How to import procedural macros that is not in lib.rs?

The below screenshot is my project layout, the macro_def is the project which has proc_macro=true in its Cargo.toml, but I can not use any macros which are defined in rs files other than lib.rs from main.rs which resides in outter project macro_demo.
2021-04-13_16-46-53

Can you post your macro_def/src/lib.rs file?

Wow, that's too long, nothing special, just starting with extern crate proc_macro;, and followed by importing syn, quote stuff then 150+ lines of codes.

I'm just interested in which mod and use statements you have.

In main.rs, the procedural macros sitting in lib.rs are imported like this use macro_def::{make_answer, trace_vars};, but this doesn't work for those sitting in other files in macro_def.

As usual, if I'm trying to expose proc_macro_def module in lib.rs with pub mod proc_macro_def;, then VSCode says this: proc-macro crate types currently cannot export any items other than functions tagged with#[proc_macro], #[proc_macro_derive], or #[proc_macro_attribute]

Here it is:

extern crate proc_macro;

use proc_macro::{TokenStream};

use quote::{quote, ToTokens};

use syn::parse::{Parse, ParseStream};

use syn::punctuated::Punctuated;

use syn::{parenthesized, Type, token, parse_quote, fold, fold::Fold, Pat, Local, Stmt, Expr, Result, Token, LitStr, parse_macro_input, ItemFn, Ident};

use std::collections::HashSet;

So you don't have any mod statements for the extra files at all? You probably need something like this:

mod proc_macro_defs;
pub use proc_macro_defs::the_macro;

@Davidliudonghao you cannot define #[proc_macro…] functions outside the root file of the proc-macro = true crate (usually lib.rs).

You have two options:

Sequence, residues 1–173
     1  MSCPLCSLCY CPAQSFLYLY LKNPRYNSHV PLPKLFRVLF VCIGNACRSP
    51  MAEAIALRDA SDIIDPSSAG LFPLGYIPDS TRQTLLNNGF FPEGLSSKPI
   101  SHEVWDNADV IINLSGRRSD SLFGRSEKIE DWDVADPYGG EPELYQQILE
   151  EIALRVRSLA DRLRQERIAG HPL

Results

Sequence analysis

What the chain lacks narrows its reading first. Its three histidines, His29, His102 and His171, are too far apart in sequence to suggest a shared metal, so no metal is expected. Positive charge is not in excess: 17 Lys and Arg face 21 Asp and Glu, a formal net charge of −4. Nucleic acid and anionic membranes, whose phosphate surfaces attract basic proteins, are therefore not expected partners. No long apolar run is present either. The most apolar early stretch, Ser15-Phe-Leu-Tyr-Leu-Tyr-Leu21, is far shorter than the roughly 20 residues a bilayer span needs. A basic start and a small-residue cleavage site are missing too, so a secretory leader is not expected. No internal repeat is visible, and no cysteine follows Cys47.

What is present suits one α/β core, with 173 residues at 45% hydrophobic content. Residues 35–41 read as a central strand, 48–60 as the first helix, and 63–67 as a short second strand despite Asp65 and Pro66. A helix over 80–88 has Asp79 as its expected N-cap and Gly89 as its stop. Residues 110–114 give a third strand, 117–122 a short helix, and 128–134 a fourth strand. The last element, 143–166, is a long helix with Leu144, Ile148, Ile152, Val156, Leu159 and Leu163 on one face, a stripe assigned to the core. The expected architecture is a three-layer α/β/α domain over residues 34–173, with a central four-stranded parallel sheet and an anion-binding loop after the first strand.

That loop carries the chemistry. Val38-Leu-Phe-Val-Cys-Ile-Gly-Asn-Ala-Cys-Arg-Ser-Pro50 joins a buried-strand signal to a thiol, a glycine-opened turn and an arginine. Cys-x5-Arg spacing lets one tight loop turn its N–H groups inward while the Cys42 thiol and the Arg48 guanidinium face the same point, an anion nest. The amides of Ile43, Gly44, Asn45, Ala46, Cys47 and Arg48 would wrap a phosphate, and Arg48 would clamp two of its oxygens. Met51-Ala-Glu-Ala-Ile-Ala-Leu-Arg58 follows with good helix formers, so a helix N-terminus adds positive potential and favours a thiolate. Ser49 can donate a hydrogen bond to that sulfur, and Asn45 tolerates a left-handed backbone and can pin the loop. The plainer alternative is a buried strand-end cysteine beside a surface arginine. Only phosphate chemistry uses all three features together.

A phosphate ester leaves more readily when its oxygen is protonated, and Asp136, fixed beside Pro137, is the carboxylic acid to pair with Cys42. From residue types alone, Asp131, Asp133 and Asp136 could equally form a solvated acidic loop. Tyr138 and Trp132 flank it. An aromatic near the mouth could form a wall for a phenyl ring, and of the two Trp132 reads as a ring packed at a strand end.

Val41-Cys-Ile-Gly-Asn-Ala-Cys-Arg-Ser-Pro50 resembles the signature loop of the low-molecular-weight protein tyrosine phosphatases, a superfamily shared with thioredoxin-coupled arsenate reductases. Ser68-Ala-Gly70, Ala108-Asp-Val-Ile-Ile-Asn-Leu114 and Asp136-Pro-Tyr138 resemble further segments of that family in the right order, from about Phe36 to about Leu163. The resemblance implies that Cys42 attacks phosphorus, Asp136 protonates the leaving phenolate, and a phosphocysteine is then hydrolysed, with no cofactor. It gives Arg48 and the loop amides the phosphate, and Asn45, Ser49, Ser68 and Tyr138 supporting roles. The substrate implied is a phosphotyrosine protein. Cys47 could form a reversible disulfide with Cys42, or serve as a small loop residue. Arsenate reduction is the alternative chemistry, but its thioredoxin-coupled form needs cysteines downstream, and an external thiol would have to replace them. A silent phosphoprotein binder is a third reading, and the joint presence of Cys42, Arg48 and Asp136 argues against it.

• the most common and cleanest one, is to define the functions at the top-level file (lib.rs) by delegating to a call to the function with the meat of the logic:

    //! `src/lib.rs`
    use ::proc_macro::TokenStream;
    
    #[proc_macro_attribute] pub
    fn foo (attrs: TokenStream, input: TokenStream)
      -> TokenStream
    {
        my_module::foo(attrs.into(), input.into())
            .unwrap_or_else(|err| err.to_compile_error())
            .into()
    }
    
    …
    
    mod my_module;
    
    //! `src/my_module.rs` or `src/my_module/mod.rs`
    
    #![allow(unused_imports)]
    use ::proc_macro2::TokenStream /* as TokenStream2 */;
    use ::quote::{format_ident, quote, quote_spanned, ToTokens};
    use ::syn::{*,
        parse::{self, Parse, ParseStream, Parser},
        punctuated::Punctuated,
        Result, // explicitly shadow Result
    };
    
    pub
    fn foo (attrs: TokenStream, input: TokenStream)
      -> Result<TokenStream>
    {
        let _: parse::Nothing = parse2(attrs)?; // notice how we get to use `?` in the function's body 👌
        let fun: ItemFn = parse2(input)?;
        …
        Ok(quote!(
            …
        ))
    }
    
  • The other option is to use include!("my_module.rs") instead of mod my_module;, although this has the drawback of flattening all your crate namespacing, possibly leading to clashes. This allows you to write #[proc_macro…] functions inside the include!d files.


Regarding the first option, if you have many such proc-macros, you can define a helper macro_rules! to wrap the stuff for you:

macro_rules! reexport_proc_macro_attribute {
  (
    pub use $module:ident :: {    
        $(
            $( #[doc = $doc:expr] )*
            $fname:ident
        ),+ $(,)?
    };
  ) => (
    $(
        $( #[doc = $doc] )*
        #[proc_macro_attribute] pub
        fn $fname (
            attrs: ::proc_macro::TokenStream,
            input: ::proc_macro::TokenStream,
        ) -> ::proc_macro::TokenStream
        {
            $module::$fname(attrs.into(), input.into())
                .unwrap_or_else(|err| err.to_compile_error())
                .into()
        }
    )*
  );

  (
    $( #[doc = $doc:expr] )*
    pub use $module_name:ident :: $fname:ident;
  ) => (
    reexport_proc_macro_attribute! {
        pub use $module_name::{ $( #[doc = $doc] )* $fname };
    }
  );
}
  • (and so on for proc_macro_derive and proc_macro)

That way you can write:

mod my_module;

reexport_proc_macro_attribute! {
    pub use my_module::{
        /// This is a very nice proc-macro that does …
        foo,
    };
}
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@ Yandros Cool! Thank you very much. I realized that the definition of procedural macros must be sitting at the root of current crate(lib.rs). Your suggestions are very constructive, I tried, but as you mentioned, naming conflicts come up immediately. In the end, I decided to create an independent project for each type of procedural macro so as to keep it simple and with zero worries about naming collisions.

1 Like